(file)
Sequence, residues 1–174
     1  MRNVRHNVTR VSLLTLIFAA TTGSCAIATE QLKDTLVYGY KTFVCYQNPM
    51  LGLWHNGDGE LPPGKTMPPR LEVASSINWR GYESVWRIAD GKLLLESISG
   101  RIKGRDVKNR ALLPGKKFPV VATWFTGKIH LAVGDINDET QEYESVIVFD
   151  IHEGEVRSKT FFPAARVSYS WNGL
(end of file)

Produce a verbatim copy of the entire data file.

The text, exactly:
Sequence, residues 1–174
     1  MRNVRHNVTR VSLLTLIFAA TTGSCAIATE QLKDTLVYGY KTFVCYQNPM
    51  LGLWHNGDGE LPPGKTMPPR LEVASSINWR GYESVWRIAD GKLLLESISG
   101  RIKGRDVKNR ALLPGKKFPV VATWFTGKIH LAVGDINDET QEYESVIVFD
   151  IHEGEVRSKT FFPAARVSYS WNGL